I like it. Goodness. I mean, Lou, we’ve had a conversation about mezcals as industrial products or artisanal products. Why don’t we talk a bit about that? I know, you have very strong opinions here.
Lou Bank 6:37
You know, it’s funny, my opinions are getting. And again, I think this comes back to exactly what you said, Kara, that like, that things seem murky. And they change all the time. And my opinions change all the time. When I when I read interviews that I did just three years ago, like I want to yell at myself in the interview that you’re just so wrong about this. You know, I like I’m not a fan of industrially made mezcal in terms of the flavor profile, right? But I, I’m less opposed to the industrialization as I am just uninterested in the flavors, because I’ve spent so much time traveling rural Mexico tasting amazing stuff that I know what I like. And I like things that are super complex. And the truth of the matter is most mezcal that is made… I can think of one mezcal that’s made in an industrial way. I can think of a bunch of agave spirits that are made in industrial way, because then you start, you know, branching over to tequila, and a lot of that’s industrially made. But I’ve never tasted anything that came through that industrial process that was made from agave that interested me. I’ve never tasted anything that I thought was awful. Just not anything that I thought, “Oh, I need to taste that again.” But that’s, you know, that’s also my palate.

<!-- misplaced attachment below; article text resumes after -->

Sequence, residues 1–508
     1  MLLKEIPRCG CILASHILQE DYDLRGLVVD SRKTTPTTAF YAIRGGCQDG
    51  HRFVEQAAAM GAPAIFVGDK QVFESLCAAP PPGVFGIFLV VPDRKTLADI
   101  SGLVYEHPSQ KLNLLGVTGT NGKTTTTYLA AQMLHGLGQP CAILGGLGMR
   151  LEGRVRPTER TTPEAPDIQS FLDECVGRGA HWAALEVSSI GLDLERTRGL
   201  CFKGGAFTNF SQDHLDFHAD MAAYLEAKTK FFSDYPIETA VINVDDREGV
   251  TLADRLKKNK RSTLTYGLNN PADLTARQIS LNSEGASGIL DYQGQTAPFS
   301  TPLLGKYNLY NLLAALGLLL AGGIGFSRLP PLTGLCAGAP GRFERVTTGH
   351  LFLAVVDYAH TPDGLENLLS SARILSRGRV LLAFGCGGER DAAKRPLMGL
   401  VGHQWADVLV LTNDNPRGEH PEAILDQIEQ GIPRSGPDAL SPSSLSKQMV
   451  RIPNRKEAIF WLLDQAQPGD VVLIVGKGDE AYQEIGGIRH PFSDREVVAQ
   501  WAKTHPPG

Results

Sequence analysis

Kara Newman 8:03
It’s funny because most people go to mezcal assuming that it’s going to be smoky. That’s the stereotypical bottling, but they don’t taste like that. And they don’t all taste the same, that’s for sure.
Chava Periban 8:19
I think it’s almost, and I tell this story a lot. But I started drinking mezcal when I was about 18, 17 years old. And, you know, I had a fresh mind and a fresh approach to it. I hadn’t talked to anybody about it. And I found a lot of flavors into it. But it wasn’t until I started meeting people from America that we lovingly called gringos that everybody started saying, “Oh, this is smoky.” And at the time, I was starting to drink some peated Scotch. And it was like the flavor that I found and identified as smoke was peated Scotch, and I couldn’t find that specificity in mezcal. And for me, it’s sort of how mythology of searching flavors is built. Maybe sometimes it’s not even there. It’s just on everybody’s head. I’m not sure about that one.
Lou Bank 9:11